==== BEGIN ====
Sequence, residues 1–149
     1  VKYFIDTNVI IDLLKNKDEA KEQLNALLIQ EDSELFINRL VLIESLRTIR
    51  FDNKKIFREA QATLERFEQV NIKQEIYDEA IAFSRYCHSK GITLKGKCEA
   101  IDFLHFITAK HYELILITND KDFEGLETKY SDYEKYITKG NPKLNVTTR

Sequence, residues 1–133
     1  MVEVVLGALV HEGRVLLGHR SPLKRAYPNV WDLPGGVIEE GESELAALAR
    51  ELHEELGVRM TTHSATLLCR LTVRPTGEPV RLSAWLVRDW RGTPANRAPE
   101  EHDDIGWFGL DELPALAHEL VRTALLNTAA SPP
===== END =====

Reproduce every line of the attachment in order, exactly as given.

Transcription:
Sequence, residues 1–149
     1  VKYFIDTNVI IDLLKNKDEA KEQLNALLIQ EDSELFINRL VLIESLRTIR
    51  FDNKKIFREA QATLERFEQV NIKQEIYDEA IAFSRYCHSK GITLKGKCEA
   101  IDFLHFITAK HYELILITND KDFEGLETKY SDYEKYITKG NPKLNVTTR

Sequence, residues 1–133
     1  MVEVVLGALV HEGRVLLGHR SPLKRAYPNV WDLPGGVIEE GESELAALAR
    51  ELHEELGVRM TTHSATLLCR LTVRPTGEPV RLSAWLVRDW RGTPANRAPE
   101  EHDDIGWFGL DELPALAHEL VRTALLNTAA SPP